- Play the rookies more - As mentioned above, B.J. Hill leads the Giants in sacks with 2.0. And while Lorenzo Carter has just one sack on the season, he has gotten close, and he has athleticism that not even Vernon can match. Of 397 total defensive snaps (so far), Hill has played 146 (37 percent), while Carter has played 157 (39.5 percent).
Part of that has come as the Giants have leaned in to playing nickel packages, which generally feature 4-2-5 alignments. In those cases, the team is more likely to go with Dalvin Tomlinson, Damon Harrison, Connor Barwin, or Kerry Wynn. But with the Giants’ pass rushers only rarely able able to get within league-average distance from the opposing quarterback, they need to upgrade their athleticism along the line. Hill has shown that he can rush from both the DT and DE positions, while Carter has found success from both DE and OLB. One of the Giants’ problems in the pass rush is that they haven’t consistently fielded players who can win their one-on-one match-ups when they get them. While Hill and Carter need development as pass-rushing technicians, they have the physical traits to win those match-ups.
- Blitz Landon Collins - Landon Collins is one of the Giants’ best defenders, but he hasn’t had the season many expected from him so far. He had a historic season in 2016 playing almost exclusively as a box safety for Steve Spagnuolo, which meant frequently coming on blitzes. The result was 4 sacks, 5 QB hits, and 9 tackles for a loss. Under James Bettcher, Collins has generally played a more varied role, often covering running backs in the passing game while others have blitzed. The Giants have blitzed this year, but they haven’t been particularly successful. They rank 16th in the NFL in success rate on blitzes, and 32nd in the league in sacks on blitzes. When unleashed, Collins is a very effective blitzer, as evidenced by his QB hit on Cam Newton, a pass which resulted in an interception by Janoris Jenkins.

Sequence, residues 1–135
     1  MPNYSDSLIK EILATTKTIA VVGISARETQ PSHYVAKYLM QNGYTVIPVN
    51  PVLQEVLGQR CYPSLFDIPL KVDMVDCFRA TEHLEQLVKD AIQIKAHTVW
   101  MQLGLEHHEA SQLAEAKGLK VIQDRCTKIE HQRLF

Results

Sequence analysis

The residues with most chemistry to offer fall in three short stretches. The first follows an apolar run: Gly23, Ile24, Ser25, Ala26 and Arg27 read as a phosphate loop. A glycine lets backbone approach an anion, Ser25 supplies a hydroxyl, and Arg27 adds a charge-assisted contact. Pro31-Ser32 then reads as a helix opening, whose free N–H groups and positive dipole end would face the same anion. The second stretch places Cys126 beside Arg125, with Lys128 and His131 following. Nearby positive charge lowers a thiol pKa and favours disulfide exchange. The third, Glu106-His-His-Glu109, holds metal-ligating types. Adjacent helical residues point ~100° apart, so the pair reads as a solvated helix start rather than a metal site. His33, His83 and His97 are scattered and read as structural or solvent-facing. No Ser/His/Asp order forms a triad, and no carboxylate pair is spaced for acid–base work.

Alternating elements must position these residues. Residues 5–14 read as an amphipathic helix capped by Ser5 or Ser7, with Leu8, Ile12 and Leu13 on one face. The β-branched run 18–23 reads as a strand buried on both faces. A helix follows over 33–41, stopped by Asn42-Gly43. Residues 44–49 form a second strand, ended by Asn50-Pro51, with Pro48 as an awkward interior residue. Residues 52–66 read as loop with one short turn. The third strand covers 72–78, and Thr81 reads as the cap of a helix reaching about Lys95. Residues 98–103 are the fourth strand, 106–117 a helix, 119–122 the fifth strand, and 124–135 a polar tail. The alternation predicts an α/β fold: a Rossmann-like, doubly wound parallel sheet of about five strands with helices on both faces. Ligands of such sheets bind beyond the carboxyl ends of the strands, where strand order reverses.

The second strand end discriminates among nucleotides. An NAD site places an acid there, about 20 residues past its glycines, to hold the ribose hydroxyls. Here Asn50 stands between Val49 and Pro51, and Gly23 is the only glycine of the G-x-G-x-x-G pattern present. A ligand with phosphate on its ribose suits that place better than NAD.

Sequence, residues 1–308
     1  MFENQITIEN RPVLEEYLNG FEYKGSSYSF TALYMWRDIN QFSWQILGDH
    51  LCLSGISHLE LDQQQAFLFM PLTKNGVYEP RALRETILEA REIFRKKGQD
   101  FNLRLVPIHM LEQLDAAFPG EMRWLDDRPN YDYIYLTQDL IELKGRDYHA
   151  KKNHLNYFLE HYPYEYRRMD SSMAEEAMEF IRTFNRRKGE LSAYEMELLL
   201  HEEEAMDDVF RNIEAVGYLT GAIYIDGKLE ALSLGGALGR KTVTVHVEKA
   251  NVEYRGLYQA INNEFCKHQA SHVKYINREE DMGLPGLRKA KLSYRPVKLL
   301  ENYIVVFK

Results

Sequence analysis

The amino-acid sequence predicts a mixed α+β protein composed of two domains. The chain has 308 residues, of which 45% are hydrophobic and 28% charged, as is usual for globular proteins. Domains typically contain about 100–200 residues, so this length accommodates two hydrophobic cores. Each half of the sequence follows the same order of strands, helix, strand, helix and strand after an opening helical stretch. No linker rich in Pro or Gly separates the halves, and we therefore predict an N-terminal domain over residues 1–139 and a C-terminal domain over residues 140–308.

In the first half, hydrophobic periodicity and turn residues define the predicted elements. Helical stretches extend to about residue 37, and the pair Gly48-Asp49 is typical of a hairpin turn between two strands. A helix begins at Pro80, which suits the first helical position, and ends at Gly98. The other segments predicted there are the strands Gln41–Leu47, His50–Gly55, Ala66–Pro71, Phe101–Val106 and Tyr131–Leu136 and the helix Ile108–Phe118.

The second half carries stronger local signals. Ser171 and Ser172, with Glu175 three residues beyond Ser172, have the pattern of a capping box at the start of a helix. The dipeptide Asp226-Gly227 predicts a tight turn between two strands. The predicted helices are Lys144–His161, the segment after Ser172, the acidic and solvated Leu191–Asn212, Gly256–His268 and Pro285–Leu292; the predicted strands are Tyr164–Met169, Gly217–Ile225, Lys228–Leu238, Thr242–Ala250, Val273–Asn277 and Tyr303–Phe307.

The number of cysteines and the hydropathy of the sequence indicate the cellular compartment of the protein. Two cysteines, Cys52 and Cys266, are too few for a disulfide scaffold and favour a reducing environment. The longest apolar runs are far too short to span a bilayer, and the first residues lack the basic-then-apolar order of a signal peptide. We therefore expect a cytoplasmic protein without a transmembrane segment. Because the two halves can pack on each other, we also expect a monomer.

Problem: Free Safety
It was viewed as a surprise when former Tennessee Titans cornerback Curtis Riley emerged in the off-season program as the starter at free safety. Riley took the job from an injured Darian Thompson, though the Giants initially intended for Dominique Rodgers-Cromartie to play free safety, hinting early on that they wanted a player with a cornerback skillset rather than a more traditional safety. Unfortunately, the experiment has not borne fruit, and despite his interception of Cam Newton, Riley has not been an asset in the deep middle of the field. Free safety might be the position that has the biggest discrepancy between its importance to a defense (especially an aggressive defense), and how much the position is discussed.